More often than not, companies that are legally structured with the intent to generate a consistent distribution of income to shareholders will pay out dividends on a monthly basis; specifically, this includes many, but not all, real estate investment trusts (REITs) as well as master-limited partnerships.

These companies may be appealing to investors who require a more frequent stream of income.

WHAT EXACTLY IS A STOCK DIVIDEND?

A stock dividend is a proportionate distribution of additional shares of a company’s stock to owners of the common stock.

In other words, you will receive additional shares of stock when a company declares a stock dividend, in contrast to a cash dividend.

A company may opt for stock dividends for a number of reasons including inadequate cash on hand or a desire to lower the price of the stock on a per-share basis to prompt more trading and increase liquidity.

The term “stock split” can also apply to stock dividends.

KEY LESSONS IN THIS ARTICLE

  • Dividends are a way that companies reward shareholders for owning the stock, usually in the form of a cash payment.
  • Normally, companies pay cash dividends on a regular basis (often quarterly). Sometimes, they’ll elect to pay a one-time dividend, as well.
  • Stock dividends are another type of payment that involve additional shares of stock instead of cash. These are also know as stock splits.

Related Posts

I Decided To Learn More A…
www.nigelchua.com

Make Money Online Singap…
www.nigelchua.com

Happy 36th Birthday To Me
www.nigelchua.com

How To Avoid Scams Online…
www.nigelchua.com

About NigelChua.com
www.nigelchua.com

Wealthy Affiliate – My…
www.nigelchua.com

Assets Pay For Lifestyle And…
www.nigelchua.com

JOIN ME IN INTUITIVE, LOVING, GENTLE AND GOOD SUCCESS AND SELF MASTERY THAT ACTUALLY MATTER. NO HYPE. NO BULLSHIT.

Hang around here for some time, you’d see that I don’t well with hype or bullshit. I can smell that typically a mile away, and I hate that shit too.

I’ve been working on myself and on NigelChua.com for years, since 2006, and only in late 2019, I started to focus on intuitive and loving leadership, entreprenership and personal development.

Here are some areas that I work on a consistent, ongoing basis.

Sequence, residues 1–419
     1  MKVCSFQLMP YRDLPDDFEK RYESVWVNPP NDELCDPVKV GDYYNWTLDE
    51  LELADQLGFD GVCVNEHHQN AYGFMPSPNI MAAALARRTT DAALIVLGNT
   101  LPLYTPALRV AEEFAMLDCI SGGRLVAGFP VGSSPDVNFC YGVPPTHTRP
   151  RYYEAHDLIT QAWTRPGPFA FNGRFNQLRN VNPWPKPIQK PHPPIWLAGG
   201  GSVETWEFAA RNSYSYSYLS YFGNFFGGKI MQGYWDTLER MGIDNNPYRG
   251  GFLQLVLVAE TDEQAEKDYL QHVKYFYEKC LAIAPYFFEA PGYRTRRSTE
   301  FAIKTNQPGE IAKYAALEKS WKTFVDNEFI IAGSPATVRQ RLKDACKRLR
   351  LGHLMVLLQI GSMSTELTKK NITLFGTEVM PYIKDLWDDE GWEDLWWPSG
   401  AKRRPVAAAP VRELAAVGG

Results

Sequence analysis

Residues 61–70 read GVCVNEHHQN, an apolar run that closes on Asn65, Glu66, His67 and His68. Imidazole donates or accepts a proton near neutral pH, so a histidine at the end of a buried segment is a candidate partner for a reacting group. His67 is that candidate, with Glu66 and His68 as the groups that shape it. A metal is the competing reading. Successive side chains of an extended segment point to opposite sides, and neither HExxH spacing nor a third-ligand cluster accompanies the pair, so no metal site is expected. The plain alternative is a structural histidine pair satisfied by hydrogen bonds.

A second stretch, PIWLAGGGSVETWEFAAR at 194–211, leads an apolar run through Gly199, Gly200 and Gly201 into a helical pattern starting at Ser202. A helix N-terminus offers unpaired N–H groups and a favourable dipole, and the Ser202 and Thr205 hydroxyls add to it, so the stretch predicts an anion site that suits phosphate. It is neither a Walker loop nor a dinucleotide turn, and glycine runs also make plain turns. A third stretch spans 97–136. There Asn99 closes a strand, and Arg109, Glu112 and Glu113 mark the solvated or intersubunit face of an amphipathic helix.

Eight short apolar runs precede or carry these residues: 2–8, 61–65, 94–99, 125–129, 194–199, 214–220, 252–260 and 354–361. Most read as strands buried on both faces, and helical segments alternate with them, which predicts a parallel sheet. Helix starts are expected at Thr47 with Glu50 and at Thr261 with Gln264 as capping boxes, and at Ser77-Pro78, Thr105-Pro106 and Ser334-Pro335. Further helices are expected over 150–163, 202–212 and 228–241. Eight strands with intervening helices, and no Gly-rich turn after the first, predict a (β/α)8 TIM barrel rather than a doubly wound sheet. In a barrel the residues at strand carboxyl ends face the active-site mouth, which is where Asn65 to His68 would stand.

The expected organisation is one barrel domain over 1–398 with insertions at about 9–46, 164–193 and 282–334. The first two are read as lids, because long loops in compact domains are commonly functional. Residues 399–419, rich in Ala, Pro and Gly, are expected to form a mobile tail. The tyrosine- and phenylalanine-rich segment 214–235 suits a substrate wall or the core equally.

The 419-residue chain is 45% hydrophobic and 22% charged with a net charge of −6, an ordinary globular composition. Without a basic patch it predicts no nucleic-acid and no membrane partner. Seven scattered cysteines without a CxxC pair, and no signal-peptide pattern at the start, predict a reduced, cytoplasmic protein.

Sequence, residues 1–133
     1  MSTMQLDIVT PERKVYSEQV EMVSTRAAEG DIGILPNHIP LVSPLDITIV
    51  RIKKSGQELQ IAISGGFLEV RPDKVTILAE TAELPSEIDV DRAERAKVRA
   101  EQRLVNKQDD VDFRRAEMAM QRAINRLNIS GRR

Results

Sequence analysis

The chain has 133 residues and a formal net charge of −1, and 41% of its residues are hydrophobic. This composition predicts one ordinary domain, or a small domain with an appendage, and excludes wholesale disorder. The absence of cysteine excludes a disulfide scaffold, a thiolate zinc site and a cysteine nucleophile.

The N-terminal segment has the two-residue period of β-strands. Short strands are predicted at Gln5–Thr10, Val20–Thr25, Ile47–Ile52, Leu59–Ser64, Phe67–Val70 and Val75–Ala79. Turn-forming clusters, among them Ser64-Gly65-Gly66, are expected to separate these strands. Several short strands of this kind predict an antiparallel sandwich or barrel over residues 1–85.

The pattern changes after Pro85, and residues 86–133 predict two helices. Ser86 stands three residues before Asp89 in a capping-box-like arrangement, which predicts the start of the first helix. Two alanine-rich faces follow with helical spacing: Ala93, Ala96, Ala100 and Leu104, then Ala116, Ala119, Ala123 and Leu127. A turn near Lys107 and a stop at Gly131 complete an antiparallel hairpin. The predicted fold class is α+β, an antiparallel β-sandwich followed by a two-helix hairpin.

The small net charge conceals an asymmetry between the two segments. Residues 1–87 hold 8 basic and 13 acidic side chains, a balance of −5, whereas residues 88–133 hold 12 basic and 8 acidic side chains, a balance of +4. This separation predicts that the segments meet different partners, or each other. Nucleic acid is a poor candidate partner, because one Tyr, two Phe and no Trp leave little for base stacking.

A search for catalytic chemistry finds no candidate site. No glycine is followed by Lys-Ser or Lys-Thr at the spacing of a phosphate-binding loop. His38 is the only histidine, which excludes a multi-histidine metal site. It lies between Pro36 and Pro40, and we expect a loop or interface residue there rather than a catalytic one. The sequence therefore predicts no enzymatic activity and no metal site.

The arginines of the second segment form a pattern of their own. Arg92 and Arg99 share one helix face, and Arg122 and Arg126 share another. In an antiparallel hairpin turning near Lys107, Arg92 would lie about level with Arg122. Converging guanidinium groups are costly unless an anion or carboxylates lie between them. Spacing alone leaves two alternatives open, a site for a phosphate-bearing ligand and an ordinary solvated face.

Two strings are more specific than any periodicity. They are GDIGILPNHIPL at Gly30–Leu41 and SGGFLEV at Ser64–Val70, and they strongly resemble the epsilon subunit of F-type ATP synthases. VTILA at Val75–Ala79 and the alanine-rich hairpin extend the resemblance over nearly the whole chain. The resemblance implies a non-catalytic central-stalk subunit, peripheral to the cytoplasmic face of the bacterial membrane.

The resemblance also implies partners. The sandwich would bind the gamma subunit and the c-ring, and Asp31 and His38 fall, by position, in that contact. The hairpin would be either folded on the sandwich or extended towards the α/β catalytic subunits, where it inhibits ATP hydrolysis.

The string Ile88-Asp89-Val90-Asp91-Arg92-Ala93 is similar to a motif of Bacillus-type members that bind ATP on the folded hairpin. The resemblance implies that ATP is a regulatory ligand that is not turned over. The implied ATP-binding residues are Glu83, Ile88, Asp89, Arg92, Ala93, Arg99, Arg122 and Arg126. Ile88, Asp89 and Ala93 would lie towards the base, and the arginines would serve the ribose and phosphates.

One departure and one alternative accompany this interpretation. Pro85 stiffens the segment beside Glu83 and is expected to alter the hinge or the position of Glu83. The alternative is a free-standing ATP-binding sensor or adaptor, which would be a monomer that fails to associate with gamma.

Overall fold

Back To Home / Main Page

See the Tools & Resources I use to improve my life, businesses, health, build passive income and more.

The core topics I cover in NigelChua.com is:

  1. Eternal life and salvation: Jesus Christ is the Way, the Truth & the Life
  2. Fix your health: get healthier, live longer, run faster, more energy, fuck more
  3. Passive Income Lifestyle: Become financially secure by building assets that provides multiple streams of passive income that’s more than your living expenses
  4. Personal Loving Relationships: Attract, build and grow relationships you love
  5. Philanthropy: giving to the poor and needy
  6. Philosophy: Conscious, purposeful and positive living
  7. Productivity: How to become more efficient and productive in important things. Mastering them causes you take less them whilst increasing productivity.
  8. Insure yourself and your loved ones (Health insurance is important)
  9. Add-on Adventures: Become rich and wealthy
  10. Add-on Adventures: Build businesses that add positive value to your society and life
  11. Success Principles

Take action TODAY: One year from today, you’ll be one year older. What would you have done by then?

Where To Next?


  • If you’re new here, do subscribe to my newsletter – no spam and just my best stuff. Unsubscribe anytime.
  • Go to the Start Here it’s created to be my good success and life thesis, so it’s very content heavy (Read: lots of words and links to resources, write ups and videos). It’s constantly updated too with new data and updates as often as I can.
  • If you like videos, head to All Videos – all the latest (and all) videos are uploaded there.
  • Visit the Blog to read the latest articles and videos. You can see all / my entire list of previous articles here: Archive
  • Head over my Resources page to see the curated products and services I use / have used to improve different aspects of my life be it business, relationships, health and more. Note: recommendations in nigelchua.com may be affiliate links, which means I may get paid if you choose to buy through my affiliate link.
  • If you’d like to ask me any questions, head to the Questions/Ask Nigel section
  • Contact me if you like to thank me for helping you in some way (please, always tell me – it’s such emails that I truly look forward to), interview me, ask me to try a product, or media inquiries.
  • If you like my work and want to support me / my cause by giving a tip / donation or choose to buy stuff at my products and tool page – thank you for your support. You keep me going.

Leave a Comment

This site uses Akismet to reduce spam. Learn how your comment data is processed.